School shootings. Racial inequality. #MeToo. Immigration and trade. There’s no denying it: Societal crises seem to be occurring with greater frequency and—thanks to the 24/7 news cycle and, in the U.S., a bitterly divided country turning to social media to further fan the flames—with greater intensity. Also undeniable? Brands can no longer “sit it out,” as many are finding the fallout from these crises landing right at their doorstep. Just ask any brand that’s been on the wrong end of a tweet from the U.S. president. Or any of the companies who pulled out of the recent “Davos in the Desert” event in Saudi Arabia, in the wake of that country’s apparent role in the murder of journalist Jamal Khashoggi.
It’s not just customers and shareholders who are demanding that their favorite brands speak up. A significant amount of the pressure for companies to engage and respond to emerging societal crises is actually coming from within: According to a 2018 Glassdoor survey, 60 percent of employees expect their company to take a stand on important social and political issues.
Preparation saves the day, and the brand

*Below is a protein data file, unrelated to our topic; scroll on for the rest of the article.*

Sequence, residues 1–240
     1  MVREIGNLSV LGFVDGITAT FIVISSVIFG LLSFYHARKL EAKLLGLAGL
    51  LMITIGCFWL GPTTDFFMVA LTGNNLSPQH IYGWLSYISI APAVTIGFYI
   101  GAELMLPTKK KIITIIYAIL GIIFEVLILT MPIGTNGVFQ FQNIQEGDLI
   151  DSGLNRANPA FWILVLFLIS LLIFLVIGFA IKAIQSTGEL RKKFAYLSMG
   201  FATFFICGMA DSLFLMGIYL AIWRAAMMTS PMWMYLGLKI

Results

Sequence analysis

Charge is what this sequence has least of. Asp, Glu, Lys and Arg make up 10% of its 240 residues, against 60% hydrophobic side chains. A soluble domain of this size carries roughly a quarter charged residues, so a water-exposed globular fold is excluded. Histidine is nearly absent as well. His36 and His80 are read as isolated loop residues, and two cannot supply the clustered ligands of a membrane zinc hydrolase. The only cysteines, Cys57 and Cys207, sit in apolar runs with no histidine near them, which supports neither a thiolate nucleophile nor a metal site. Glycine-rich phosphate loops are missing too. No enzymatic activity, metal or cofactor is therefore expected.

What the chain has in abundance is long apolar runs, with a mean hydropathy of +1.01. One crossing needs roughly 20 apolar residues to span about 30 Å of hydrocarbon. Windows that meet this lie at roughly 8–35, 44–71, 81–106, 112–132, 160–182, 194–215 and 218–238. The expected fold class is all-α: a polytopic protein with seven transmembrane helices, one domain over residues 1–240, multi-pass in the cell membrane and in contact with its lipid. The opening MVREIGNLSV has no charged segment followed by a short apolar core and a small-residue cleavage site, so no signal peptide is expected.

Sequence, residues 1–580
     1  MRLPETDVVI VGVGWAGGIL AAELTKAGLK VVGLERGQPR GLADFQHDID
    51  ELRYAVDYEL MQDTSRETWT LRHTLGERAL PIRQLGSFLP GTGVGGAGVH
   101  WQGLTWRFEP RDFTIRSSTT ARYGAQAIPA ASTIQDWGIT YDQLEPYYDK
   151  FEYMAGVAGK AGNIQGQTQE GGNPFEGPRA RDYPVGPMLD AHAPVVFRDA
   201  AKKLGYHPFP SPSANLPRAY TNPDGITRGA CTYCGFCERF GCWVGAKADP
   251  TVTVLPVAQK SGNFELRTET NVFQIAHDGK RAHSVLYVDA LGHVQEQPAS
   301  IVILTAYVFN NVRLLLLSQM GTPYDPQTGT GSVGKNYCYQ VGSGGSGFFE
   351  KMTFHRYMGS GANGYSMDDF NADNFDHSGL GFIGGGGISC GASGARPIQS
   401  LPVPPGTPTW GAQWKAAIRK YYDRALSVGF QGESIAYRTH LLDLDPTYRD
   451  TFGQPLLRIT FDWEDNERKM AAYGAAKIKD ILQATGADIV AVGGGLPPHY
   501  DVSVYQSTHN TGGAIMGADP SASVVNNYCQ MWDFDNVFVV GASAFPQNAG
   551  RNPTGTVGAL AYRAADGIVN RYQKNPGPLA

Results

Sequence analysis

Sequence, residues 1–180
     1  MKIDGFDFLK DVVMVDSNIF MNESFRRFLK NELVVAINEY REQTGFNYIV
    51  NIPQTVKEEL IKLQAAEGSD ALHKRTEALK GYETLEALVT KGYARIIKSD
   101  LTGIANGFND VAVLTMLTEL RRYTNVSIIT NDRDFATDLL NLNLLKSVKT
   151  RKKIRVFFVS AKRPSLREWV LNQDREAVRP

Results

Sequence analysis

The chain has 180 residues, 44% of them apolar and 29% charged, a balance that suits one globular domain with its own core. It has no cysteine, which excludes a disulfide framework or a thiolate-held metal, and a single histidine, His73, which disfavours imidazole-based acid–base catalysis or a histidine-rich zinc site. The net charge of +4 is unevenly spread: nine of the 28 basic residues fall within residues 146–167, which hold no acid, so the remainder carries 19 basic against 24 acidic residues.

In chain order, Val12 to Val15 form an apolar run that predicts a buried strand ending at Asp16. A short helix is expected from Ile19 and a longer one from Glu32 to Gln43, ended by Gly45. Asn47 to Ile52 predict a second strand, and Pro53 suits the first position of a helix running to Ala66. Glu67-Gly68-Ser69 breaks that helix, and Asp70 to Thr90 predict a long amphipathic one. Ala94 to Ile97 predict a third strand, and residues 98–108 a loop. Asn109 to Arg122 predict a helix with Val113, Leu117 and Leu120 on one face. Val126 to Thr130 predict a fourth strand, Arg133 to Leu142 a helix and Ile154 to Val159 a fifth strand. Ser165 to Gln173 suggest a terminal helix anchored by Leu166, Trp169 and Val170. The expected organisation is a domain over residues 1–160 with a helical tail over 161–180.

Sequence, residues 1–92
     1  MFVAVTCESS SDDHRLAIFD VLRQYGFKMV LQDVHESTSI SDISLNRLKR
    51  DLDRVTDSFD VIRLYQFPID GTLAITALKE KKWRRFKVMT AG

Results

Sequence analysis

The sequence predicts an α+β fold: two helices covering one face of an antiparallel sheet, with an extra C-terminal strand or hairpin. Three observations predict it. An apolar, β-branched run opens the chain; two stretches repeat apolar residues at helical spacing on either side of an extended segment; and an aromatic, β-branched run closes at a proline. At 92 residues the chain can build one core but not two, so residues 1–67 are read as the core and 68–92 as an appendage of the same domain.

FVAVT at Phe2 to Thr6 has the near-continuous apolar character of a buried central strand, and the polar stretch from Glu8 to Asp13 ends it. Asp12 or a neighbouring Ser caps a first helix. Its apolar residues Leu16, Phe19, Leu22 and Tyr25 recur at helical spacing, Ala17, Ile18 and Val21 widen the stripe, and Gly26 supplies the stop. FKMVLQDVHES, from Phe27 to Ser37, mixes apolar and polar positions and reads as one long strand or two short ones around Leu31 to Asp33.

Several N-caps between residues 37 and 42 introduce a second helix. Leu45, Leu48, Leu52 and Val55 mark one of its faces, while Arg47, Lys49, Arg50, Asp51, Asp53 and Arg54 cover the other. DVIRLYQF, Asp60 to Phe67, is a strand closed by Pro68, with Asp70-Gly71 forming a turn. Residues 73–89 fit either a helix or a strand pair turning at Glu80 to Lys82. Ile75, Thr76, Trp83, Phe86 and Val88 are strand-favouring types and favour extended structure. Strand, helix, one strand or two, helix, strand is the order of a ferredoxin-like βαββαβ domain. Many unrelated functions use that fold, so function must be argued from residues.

Whether a company decides to proactively insert itself into a national conversation or simply react when it gets swept up in an emerging crisis, thorough preparation is the key to protecting brand reputation as well as the bottom line in these hyper-partisan, hyper-reactionary times. “CCOs should take full advantage of tools, technologies and frameworks that help them guide their organizations in the 24×7 societal/industry crisis world we live in today,” says Southwest Airlines SVP and CCO Linda Rutherford. However, based on interviews conducted by communication and marketing firm Peppercomm (where one of us works) with more than 50 C-suite executives, an astonishing two-thirds admitted their company was not prepared should it find itself ensnared in a societal crisis....
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